After my less-than-awesome introduction to Barcelona, I felt we should try again. Seeing as how we got off on the wrong foot, I allowed that perhaps Barcelona was just in a bad mood that day, and perhaps I was as well, so we both shook hands, put on our best behavior, and spent some quality time together.
A good thing, too. One can (and should) spend a lot of time exploring Barcelona. I started at the obvious place: the beach:
The beach scene is lovely, though it doesn’t really hold up well if compared to Playa Del Carmen (but what will, really?). There is a large and active beachfront with lots of restaurants and shops. There’s even a mall which sells all manner of things. For example, maybe you need to get new hair?
Also, in this mall there is a for-pay restroom, which is pretty much the nicest example of one that I’ve ever seen. There’s a maid in there to direct you on which room to use, and you can use your receipt for 10% off something you purchase as a keepsake from their store. Yep, a bathroom with a store.
However, back to the beach! They are busy constructing a large sandcastle of sorts. I’ve been back here a number of times, and each day they make steady progress against it. There are intricate details carved in, and it’s all made from the sand on the beach.
Walking around more, you get lovely views of the downtown port area.
And there are lots of cool buildings, both historic and modern.
I wanted to see a really good view of the town, so I and a few guys from the hostel decided to take the cable cars off of Montjuic, and while we were there we might as well see the castle too. To get there, we had to walk through all manner of cool parks and buildings, including the old Olympic stadium:
Once up in the cable car that takes you to the castle, you get a good view of how sprawling Barcelona is.
The castle itself is pretty fantastic. Reading up on it, you run into some very enlightening facts, such as this description from one of the tourist sites for Barcelona:
It was primarily used to repress the people during two centuries. Repression of the anarchists in the XIX century and prison for the political prisoners under Franco. In 1940 Lluis Companys was executed here.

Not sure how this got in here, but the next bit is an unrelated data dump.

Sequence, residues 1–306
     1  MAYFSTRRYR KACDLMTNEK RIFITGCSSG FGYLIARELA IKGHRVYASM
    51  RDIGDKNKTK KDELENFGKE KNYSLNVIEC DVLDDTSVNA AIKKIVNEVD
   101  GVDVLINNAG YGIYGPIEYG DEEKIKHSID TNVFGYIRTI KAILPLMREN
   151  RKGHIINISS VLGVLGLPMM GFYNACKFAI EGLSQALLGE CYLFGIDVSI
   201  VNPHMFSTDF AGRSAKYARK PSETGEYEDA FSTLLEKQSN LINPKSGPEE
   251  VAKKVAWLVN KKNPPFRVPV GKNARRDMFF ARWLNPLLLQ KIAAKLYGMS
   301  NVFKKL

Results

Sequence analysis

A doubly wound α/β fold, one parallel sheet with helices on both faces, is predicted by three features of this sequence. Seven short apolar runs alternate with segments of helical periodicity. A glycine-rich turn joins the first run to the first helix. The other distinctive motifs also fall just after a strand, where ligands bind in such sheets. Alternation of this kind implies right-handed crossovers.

So that’s fun. Nowadays is seems to primarily be housing for many large cannons.
Eventually we’d seen all we wanted to of castles and guns. So, you can wander down the mountain to a second cable car that will take you over the city and down to the port / beach area.
So, say you enjoy all the cable cars, but you want to really see the city at the ground level. No worries, biking is EXCELLENT in Barcelona, and there are bikes everywhere.
That rack is for residents though. You need some form of electronic card, then you just take a bike from this station and (presumably) leave it at whatever station you are biking to. Since we don’t have these mythical cards, We opted to rent bikes from one of the many tourist bike rentals. Note: these bikes are not messing around. They are basically the 2-wheeled equivalent of a Sherman Tank. If you get hit by a car riding one of these orange behemoths, the car will be destroyed.
Alternatively, you may want to visit many places that would be awkward by bike, such as places with many (many) steps. Barcelona is also excellent for meanderers.
Also, there are many art museums worth checking out. One deserving of a special callout is The National Art Museum of Catalonia, housed in a giant freaking Palace.
In addition to all the marvelous sights, you will run into a few questionable ones. For example, this item found in a back alley of the major shopping district called “Las Ramblas”:
Regardless, at the end of the day, it’s best to unwind with a little sip o’ the local:
One last thing to leave you with: the Sagrada Familia deserves it’s own post. A quick peek though: